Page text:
Bank Indonesia View on Tourism in Bali

The Deputy-Chief of Bank Indonesia’s Bali Branch Office, Rizki W. Wimanda, said on Tuesday 27 July 2021 that since the start of the COVID-19 pandemic, Bank Indonesia has implemented many short to long-term measures to help restore Bali tourism to good health.

To help Bali tourism recover in the long term, Bank Indonesian urges the Island to refocus on becoming a “quality tourism” destination. In the Bank’s view, there are four potential areas worth developing: medical tourism, maritime tourism, MICE (meetings, incentives, conferences, and exhibitions), and digital nomad tourism.

Deputy-Chief of Bank Indonesia’s Bali Branch Office, Rizki W. Wimanda

Short-Term Recovery

Turning his attention on the short-term, Wimanda said tourism recovery could begin with as many parties as possible earning CHSE Certification (Cleanliness, Health, Safety, and Environmental Sustainability). He also urged the utilization of government-sponsored grants to the tourism sector and support the “Work from Bali” (WFB) program. The Bank Indonesia official claims widespread support of CHSE certification would bolster the confidence of the public to travel to Bali.

Some 1,006 tourism companies in Bali have earned CHSE Certification, comprised of 743 hotels, 178 restaurants, and 85 other businesses. 96% of Bali-starred hotels have been certified, which equates to 467 certified hotels from 484 hotels. Among non-starred hotels, only 11% have undergone the certification process equaling 276 hotels from a pool of 2,420 non-starred properties.

The “Work form Bali” (WFB) program in which Indonesians are persuaded to relocate to Bali and work remotely from the Island temporarily is intended to restore public confidence in Bali as a tourism destination while providing economic relief for the down-trodden tourism sector. To date, 3,313 civil servants have come to Bali to participate in WFB. This includes 906 workers from Bappenas, 370 from the Ministry of Justice and Human Rights, 237 from Telkom, 198 from Kominfo, 98 from the Ministry of Transportation, 75 from BUMN, 46 from KLHK, 46 from the Ministry of Health, 40 from the Ministry of Tourism and the Creative Economy, 21 from Kemenpan, 20 from Kemendikbud, and 20 from BPKM. Another 1,238 government workers from other branches of the government have traveled to Bali under the auspices of the WFB initiative.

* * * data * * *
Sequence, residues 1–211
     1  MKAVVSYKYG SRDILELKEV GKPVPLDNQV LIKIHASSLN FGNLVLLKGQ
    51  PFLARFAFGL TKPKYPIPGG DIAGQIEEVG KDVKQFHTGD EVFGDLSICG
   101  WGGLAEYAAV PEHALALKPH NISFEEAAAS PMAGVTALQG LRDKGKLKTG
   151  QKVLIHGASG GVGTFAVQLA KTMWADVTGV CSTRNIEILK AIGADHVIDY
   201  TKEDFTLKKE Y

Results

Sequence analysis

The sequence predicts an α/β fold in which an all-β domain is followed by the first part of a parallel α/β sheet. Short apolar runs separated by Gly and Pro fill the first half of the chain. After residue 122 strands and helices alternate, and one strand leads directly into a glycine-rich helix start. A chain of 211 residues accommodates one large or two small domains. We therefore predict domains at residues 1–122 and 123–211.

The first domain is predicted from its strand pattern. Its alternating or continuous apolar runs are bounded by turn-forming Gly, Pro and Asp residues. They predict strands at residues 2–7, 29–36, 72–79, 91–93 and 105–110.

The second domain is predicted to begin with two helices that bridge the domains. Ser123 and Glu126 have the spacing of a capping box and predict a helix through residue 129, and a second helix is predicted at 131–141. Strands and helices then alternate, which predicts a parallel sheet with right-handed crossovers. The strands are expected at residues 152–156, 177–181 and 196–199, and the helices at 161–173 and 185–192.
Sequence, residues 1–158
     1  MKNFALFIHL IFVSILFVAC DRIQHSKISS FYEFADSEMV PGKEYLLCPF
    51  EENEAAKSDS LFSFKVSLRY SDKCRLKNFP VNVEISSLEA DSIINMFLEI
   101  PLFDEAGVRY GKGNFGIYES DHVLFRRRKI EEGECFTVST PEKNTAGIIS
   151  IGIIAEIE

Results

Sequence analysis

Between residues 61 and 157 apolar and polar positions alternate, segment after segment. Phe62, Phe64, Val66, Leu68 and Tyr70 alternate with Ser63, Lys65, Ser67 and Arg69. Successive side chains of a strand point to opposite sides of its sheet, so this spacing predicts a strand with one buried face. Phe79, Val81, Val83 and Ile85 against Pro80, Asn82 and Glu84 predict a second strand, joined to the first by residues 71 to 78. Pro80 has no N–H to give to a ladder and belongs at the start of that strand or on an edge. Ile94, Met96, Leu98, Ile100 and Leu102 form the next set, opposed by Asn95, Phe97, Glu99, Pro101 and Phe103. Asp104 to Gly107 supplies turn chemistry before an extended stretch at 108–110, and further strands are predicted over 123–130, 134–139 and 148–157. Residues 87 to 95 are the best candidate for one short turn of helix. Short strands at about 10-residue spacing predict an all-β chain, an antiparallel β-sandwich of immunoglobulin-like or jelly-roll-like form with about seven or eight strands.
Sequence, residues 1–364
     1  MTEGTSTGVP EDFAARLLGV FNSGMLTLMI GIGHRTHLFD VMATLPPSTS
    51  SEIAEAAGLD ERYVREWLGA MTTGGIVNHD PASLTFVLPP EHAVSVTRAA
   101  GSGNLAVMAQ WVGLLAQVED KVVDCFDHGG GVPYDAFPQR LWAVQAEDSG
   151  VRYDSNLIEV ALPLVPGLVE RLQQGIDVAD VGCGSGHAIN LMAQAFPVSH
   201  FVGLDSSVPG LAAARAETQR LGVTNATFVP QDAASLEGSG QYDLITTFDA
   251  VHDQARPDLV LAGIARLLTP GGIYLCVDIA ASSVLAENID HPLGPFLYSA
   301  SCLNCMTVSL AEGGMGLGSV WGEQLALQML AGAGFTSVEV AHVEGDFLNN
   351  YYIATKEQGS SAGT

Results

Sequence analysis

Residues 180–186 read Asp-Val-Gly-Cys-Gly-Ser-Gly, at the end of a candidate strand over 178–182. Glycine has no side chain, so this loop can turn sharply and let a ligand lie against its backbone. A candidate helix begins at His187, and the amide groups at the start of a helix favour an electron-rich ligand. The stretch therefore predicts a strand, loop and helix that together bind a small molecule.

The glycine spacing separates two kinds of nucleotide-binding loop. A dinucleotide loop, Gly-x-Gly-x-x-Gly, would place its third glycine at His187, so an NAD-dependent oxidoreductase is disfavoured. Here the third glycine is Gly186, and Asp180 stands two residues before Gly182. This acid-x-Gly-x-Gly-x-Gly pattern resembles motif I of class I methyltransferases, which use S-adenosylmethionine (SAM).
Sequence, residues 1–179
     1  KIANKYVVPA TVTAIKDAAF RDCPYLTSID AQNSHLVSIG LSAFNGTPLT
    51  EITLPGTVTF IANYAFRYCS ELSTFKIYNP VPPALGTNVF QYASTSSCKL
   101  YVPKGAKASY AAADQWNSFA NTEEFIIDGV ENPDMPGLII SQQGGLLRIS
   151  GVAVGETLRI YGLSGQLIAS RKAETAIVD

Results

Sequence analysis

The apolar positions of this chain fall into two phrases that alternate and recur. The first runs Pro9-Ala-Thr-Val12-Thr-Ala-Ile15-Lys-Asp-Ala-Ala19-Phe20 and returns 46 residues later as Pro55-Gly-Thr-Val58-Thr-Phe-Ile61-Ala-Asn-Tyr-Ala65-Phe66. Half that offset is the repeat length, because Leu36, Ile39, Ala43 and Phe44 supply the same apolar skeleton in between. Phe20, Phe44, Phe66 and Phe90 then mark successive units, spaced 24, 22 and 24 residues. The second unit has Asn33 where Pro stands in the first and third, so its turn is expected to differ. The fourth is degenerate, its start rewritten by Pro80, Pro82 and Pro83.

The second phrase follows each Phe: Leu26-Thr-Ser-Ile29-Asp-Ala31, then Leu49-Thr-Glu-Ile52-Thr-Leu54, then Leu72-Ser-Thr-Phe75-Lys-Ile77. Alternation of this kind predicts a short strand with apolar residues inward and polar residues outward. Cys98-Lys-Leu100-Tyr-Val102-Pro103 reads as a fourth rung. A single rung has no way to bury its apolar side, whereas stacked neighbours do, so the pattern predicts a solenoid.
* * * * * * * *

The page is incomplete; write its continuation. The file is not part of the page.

In 2020, the government prepared cash grants and incentives to the tourism sectors worth Rp. 1.18 trillion focused on regional government support and the hotel-restaurant sector.

To further stimulate tourism to Bali, the Government has set up three “green zones” in Bali considered safest for tourism visitors in Sanur, Nusa Dua, and Ubud. The “green zones” are targeted to complement the opening of a proposed “travel corridor” between Singapore and Bali. The “green zone” concept is temporarily in abeyance until the current lockdown measures are rescinded.

Rizki addressed long-term recovery plans for Bali, saying this segment will see a refocusing of the Island’s tourism industry towards “quality tourism,” emphasizing maritime tourism, medical tourism, MICE, and digital nomad travel. 

Cruise Tourism

Bali’s Port of Benoa has the potential of becoming a strategic regional cruise hub. With more than 17,000 islands, Indonesia offers almost endless options for exciting cruise itineraries. Stretched along the equatorial beltway, the Republic can also provide good sailing weather throughout the entire calendar year.

Medical Tourism

Investors are being sought to operate international standard hospitals to promote medical tourism. Bali is already home to Hospitals serving medical specialties, including the BROS Hospital, Siloam Hospital, BIMC Kuta, and BIMC Nusa Dua. Bali is now offering advanced care in plastic and cosmetic surgery, cancer care, fertility, and dental care. 


MICE tourism is an established market that flourished before the global pandemic. Supported by world-class MICE facilities and supporting services, Bali has hosted meetings and conferences for the G20, International Monetary Fund (IMF), World Bank, and APEC. 

In 2022 Bali is slated to host the G20 Summit.

Nomadic Tourism

During the COVID-19 pandemic, digital nomads working remotely from computers and other devices “discovered” Bali as a suitable location for modern workers suffering from wanderlust. The government has pledged to create immigration and other facilities to attract this lucrative market to Bali. The website cites Bali’s areas of Jimbaran, Canggu, Juta, Badung, and Kuta as popular with Nomadic tourists, making Bali a “top world destination for nomadic tourism.”

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